The best technology tools for getting more out of your day

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What would you do if you had more time? It’s a question many of us consider occasionally, but usually only as a daydream. We’ve become convinced that, because of technology, 21st-century life means irreversibly longer days and more stress. As a result, many of us end up unproductive, unfulfilled and unable to focus on the things that really matter.

The truth is, however, technology isn’t just the problem – it also can be part of the solution. With the right tools, we can be more effective in our work and more fulfilled – if we use them to eliminate distractions, not create them, and to prioritize our commitments, and not respond to everything that crosses our path. Here are a few options that can help you win back at least a few minutes every day – and turn your daydreams into reality.

  • Evernote is perhaps my favorite productivity tool. I use it for note-taking, to build my to-do list, save Internet bookmarks and remember things I’d otherwise forget. Evernote is an app that reduces your dependence on other apps, serving as an all-in-one tool that syncs between all your devices. If I could recommend just one tool from this list, it would be Evernote.
  • Social media is one of our most prevalent productivity drains. While it has become integrated into many jobs, it often commands far too much of our time – and leads to far too much dissatisfaction – as we slip into aimlessly scrolling through our news feeds. You could cancel any social media accounts that don’t add value to your life, of course, but that’s not always practical. StayFocusd and Freedom can help you put self-imposed limitations on the time you spend on a given website – including, of course, social media. It’s a great way to stay honest about how you spend your time and begin changing habits that no longer serve you well.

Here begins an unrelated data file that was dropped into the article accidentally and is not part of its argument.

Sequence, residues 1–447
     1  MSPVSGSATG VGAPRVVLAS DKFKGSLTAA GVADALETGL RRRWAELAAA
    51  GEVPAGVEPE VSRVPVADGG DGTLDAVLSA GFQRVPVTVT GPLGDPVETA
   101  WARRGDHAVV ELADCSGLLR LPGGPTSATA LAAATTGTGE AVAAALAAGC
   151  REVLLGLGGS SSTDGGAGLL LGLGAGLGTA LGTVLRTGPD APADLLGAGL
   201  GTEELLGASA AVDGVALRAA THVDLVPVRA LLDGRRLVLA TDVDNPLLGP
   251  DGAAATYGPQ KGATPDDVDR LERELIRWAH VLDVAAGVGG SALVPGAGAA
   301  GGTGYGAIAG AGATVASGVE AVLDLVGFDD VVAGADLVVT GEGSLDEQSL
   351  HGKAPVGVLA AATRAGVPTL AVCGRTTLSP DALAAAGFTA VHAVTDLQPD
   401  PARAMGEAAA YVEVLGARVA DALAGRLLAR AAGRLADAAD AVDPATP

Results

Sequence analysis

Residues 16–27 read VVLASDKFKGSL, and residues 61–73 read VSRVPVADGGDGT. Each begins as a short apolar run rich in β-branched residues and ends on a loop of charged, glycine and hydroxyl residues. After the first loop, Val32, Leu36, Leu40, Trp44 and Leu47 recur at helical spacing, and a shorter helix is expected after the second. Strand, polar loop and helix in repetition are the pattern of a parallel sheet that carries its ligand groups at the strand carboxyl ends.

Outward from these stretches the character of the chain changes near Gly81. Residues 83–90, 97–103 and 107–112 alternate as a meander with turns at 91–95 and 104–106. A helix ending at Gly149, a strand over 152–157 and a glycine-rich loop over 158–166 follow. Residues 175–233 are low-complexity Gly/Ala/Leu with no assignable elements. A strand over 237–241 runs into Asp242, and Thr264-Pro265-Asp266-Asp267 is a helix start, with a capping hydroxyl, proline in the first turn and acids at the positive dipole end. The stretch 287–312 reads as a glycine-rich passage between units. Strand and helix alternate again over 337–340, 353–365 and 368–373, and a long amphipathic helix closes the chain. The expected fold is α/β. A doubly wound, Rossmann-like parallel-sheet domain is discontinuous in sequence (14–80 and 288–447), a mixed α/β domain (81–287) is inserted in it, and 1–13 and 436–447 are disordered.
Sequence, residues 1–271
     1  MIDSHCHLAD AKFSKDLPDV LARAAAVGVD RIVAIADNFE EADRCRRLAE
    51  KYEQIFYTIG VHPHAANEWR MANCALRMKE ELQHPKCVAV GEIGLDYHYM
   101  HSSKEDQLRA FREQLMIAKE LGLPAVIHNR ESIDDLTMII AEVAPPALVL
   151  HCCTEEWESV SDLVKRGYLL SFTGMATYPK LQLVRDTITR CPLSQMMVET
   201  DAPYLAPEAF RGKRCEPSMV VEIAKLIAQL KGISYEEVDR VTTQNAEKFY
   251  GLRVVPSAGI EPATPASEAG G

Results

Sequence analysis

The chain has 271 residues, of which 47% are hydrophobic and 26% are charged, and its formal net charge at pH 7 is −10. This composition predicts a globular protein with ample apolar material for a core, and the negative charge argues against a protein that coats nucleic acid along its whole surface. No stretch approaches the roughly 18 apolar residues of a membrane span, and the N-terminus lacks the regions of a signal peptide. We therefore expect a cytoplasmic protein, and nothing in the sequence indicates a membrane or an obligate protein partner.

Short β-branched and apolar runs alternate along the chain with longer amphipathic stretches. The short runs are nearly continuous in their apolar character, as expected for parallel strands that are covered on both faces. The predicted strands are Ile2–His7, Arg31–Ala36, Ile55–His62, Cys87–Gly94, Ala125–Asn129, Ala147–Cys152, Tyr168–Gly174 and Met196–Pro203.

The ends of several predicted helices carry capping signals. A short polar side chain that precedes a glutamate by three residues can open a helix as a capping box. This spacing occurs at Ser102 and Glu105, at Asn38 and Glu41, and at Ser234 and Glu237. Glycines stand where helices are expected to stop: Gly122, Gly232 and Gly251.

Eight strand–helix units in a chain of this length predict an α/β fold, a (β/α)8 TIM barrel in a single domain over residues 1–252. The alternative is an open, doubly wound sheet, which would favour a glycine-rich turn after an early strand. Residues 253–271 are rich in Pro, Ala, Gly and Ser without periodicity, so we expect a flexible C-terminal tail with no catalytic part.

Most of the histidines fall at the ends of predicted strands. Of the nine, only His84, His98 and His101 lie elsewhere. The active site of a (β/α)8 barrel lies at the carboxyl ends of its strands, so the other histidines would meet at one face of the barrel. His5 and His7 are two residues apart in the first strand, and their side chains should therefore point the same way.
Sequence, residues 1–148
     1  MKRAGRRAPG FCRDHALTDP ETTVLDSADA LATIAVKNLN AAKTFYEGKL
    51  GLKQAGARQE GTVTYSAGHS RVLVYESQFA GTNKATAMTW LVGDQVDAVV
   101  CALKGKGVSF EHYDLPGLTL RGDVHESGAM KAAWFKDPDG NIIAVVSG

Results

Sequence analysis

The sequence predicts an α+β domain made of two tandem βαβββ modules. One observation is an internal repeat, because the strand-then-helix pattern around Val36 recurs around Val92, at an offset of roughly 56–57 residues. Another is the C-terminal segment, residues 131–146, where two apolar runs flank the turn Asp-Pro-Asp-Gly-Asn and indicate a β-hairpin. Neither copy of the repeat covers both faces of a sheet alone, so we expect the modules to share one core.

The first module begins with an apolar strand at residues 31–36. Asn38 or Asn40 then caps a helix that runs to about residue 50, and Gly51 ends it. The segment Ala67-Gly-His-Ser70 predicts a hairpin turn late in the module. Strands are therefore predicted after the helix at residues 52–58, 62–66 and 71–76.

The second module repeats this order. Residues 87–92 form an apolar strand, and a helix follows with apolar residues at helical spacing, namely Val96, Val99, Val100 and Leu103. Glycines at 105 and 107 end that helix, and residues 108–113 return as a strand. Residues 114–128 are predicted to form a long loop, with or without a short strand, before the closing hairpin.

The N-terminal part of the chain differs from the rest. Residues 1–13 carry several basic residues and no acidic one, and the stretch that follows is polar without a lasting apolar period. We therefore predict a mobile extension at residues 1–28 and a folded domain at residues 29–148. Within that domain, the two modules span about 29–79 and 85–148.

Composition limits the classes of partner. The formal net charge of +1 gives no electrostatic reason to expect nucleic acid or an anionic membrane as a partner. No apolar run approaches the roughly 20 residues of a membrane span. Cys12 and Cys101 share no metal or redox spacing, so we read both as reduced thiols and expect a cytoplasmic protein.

• If social media is a primary focus of your work, there are ways to be more productive without limiting your access. Hootsuite, for example, is a social media dashboard that lets you post to multiple platforms and schedule posts ahead of time. You can use Hootsuite for free if you only need access to three social media profiles, or pay a monthly fee to tap into more profiles and features.
  • Social media isn’t the only culprit; email can be as much of a problem – if not more so. A good place to start is eliminating the emails you don’t want in the first place. Unroll.me makes it easy to identify what newsletters and other recurring email lists you’re on and quickly and easily unsubscribe from those you’re no longer interested in. Best of all, it’s free.
  • Managing your inbox isn’t always as simple as unsubscribing from a newsletter, however. Other more sophisticated tools can allow you to retain emails while automating next steps. Rules (in Outlook) and Filters (in Gmail) are two examples that can streamline your inbox and prioritize what arrives there. For example, I set a rule in Outlook that sends messages I’m copied on – where I’m cc’ed, but not in the “to” field, that is – to a different folder (which I creatively call “cc”). These messages are, almost without exception, lower-priority ones that require no action from me. Accordingly, there’s rarely an immediate need for me to give them my attention, so I can check this folder once a day or so without missing anything important, while slimming down my inbox and making it much more likely that the truest high-priority messages stand out.
  • Sometimes email just isn’t the best tool for a given job. Consider the challenge of scheduling group meetings and all the back and forth that results from trying to find a date and time that works for everyone. Use Doodle instead. Attendees answer a poll to indicate their availability, choosing what works for them from a list of options. This one’s free, too.
  • You can even do a little time travel with email. Boomerang (for Gmail) and Delay Delivery (in Outlook) allow you to schedule emails ahead of time, getting tasks off your plate and deferring messages that are better sent later. Let’s say, for example, a customer asks you to follow up on a given conversation in a couple of weeks. You can try to keep that request in your brain. You can add it to your to-do list. Or you can get it done right then and there, scheduling the message to appear in your client’s inbox precisely when he or she asked for it.

These are just a few of dozens of examples. The bottom line is there’s a solution for nearly every challenge if you’re willing to experiment and change the way you work. The key is remembering that you’re in charge of technology, not the other way around. Taking control is the first step toward taking back more of your time.

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